Ms. Lanham: I'm sorry. One more time.
Mr. Herman: I'm sorry. It's Monday morning and I'm not making myself as clear as I probably could. Need more coffee maybe.
Ms. Lanham: One more time.
Mr. Herman: All right. You have A and B in front of you?
Ms. Lanham: Uh-huh.
Mr. Herman: All right. There were other pages of photographs besides A and B?
Ms. Lanham: Yes.
Mr. Herman: At least two other pages of photographs?
Ms. Lanham: Yes.
Mr. Herman: And some of them had multiple pictures on a page?
Ms. Lanham: Yes.
Mr. Herman: And they were different than the multiple pictures that you're looking at on A and B, correct?
Ms. Lanham: Yes.
Ms. Herman: And some of them were individual pictures that were shown to you, correct?
Mr. Lanham: When you say "individual", do you mean there was just one picture?
Mr. Herman: One per page.
Ms. Lanham: No.
Mr. Herman: So there were other photo - there were other photo line-ups we call them, multiple pictures on a page, correct?
Ms. Lanham: Yes.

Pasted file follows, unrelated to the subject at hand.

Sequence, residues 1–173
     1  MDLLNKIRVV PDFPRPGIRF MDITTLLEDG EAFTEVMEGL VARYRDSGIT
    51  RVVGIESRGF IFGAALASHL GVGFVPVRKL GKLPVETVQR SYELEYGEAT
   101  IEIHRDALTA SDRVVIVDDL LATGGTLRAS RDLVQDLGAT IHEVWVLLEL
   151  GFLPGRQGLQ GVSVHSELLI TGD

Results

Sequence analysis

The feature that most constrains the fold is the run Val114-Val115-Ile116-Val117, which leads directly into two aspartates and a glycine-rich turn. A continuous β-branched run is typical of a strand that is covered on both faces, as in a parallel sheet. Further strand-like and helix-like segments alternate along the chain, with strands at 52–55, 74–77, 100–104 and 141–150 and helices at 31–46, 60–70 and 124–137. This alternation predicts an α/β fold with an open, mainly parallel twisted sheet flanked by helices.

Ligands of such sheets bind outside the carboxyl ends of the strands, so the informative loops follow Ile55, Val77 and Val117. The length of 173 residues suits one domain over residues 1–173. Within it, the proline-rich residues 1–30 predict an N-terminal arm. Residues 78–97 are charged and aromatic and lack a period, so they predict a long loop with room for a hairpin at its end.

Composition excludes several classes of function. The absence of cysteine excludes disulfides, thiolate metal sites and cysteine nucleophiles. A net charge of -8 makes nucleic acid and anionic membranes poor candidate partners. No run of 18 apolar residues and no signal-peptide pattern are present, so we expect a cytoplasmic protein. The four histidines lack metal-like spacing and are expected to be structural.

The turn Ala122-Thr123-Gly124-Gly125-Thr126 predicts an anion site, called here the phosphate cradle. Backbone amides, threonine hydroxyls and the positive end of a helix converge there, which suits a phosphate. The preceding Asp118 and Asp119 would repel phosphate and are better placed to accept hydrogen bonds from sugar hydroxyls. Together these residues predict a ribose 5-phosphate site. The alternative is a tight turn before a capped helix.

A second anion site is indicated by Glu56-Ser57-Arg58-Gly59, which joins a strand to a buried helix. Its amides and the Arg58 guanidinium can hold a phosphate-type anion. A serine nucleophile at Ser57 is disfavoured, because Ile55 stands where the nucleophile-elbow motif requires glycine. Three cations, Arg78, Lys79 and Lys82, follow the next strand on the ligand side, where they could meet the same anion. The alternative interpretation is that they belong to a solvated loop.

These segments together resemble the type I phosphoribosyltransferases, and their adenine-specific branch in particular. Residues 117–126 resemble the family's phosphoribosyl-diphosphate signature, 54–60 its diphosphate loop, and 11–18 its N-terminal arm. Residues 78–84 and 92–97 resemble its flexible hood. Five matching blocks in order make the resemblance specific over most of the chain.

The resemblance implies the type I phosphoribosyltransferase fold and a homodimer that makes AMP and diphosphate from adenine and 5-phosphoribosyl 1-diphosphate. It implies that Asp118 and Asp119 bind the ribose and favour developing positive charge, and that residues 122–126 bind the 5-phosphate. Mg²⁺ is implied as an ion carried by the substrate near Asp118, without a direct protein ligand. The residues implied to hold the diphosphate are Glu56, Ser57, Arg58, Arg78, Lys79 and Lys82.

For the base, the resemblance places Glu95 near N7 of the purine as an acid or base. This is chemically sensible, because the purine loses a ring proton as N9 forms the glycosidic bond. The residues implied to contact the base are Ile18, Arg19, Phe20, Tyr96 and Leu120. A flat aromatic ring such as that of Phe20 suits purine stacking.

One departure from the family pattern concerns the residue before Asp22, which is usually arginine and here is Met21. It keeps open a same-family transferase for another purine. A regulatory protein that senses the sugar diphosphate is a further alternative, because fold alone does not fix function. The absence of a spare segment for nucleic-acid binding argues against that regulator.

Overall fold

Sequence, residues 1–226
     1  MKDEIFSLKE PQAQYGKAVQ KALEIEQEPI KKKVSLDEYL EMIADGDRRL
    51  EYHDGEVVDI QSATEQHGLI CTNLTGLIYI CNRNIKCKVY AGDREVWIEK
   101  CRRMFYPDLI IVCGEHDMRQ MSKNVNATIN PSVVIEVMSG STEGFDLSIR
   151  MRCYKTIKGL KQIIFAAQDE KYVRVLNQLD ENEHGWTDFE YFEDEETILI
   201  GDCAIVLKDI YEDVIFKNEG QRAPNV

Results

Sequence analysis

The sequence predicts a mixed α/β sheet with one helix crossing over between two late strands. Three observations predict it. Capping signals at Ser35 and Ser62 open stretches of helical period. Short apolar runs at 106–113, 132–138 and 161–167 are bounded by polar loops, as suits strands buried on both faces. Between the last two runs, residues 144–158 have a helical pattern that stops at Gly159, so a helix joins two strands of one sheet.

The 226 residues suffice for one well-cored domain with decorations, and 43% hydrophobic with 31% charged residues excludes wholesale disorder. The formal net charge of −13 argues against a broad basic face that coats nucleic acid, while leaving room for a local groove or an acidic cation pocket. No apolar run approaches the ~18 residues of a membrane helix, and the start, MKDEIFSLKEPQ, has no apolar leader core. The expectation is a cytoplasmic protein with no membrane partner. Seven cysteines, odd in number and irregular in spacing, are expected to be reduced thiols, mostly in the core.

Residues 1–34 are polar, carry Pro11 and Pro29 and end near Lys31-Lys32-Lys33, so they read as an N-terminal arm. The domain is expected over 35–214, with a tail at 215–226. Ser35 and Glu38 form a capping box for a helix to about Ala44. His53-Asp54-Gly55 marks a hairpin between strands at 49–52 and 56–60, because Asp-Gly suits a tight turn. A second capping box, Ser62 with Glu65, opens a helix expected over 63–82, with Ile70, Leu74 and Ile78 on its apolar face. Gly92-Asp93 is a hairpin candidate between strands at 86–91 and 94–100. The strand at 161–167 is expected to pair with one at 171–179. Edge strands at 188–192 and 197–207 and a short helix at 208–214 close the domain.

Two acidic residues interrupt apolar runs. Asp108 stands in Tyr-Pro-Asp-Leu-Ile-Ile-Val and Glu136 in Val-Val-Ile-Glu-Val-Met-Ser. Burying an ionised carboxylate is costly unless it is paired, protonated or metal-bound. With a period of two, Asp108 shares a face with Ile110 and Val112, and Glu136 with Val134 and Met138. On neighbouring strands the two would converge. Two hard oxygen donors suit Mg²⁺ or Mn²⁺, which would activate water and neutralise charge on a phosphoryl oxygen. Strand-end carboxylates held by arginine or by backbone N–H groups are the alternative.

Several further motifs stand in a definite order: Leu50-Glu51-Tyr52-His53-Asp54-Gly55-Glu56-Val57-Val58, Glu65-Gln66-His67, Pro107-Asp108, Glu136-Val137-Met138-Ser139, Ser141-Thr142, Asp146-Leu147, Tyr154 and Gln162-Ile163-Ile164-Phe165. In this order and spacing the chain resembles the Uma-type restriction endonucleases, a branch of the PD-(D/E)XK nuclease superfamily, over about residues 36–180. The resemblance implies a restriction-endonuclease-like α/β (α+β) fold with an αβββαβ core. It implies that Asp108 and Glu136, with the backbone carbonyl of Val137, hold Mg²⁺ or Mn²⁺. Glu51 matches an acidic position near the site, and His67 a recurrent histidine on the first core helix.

Mr. Herman: And they were different from A and B that you're looking at right now?
Ms. Lanham: Prior to at the police station they were different, yes.
Mr. Herman: And this is all prior to an officer coming to your house with Exhibit B?
Ms. Lanham: Yes.
Mr. Herman: So let me make it very clear because the important part here is that we get the court reporter - we accurately provide information for the court reporter so that somebody reading this can understand what we're getting at, okay? My fault probably. You were shown A at the police station.
Ms. Lanham: Yes.
Mr. Herman: And that's on the day of the incident?
Ms. Lanham: Uh-huh.
Mr. Herman: Yes?
Ms. Lanham: Yes. I'm sorry.
Mr. Herman: And on that day you did not - were not able to identify any person in Exhibit A as the person who caused this crime, committed this crime, correct?
Mr. Lanham: Correct.
Mr. Herman: And on that same day you were shown other photographs?
Ms. Lanham: Correct.
Mr. Herman: And on that same day you were shown other pages with numerous photographs per page, correct?
Ms. Lanham: Yes.
Mr. Herman: Were they in color or black-and-white?
Ms. Lanham: Black-and-white.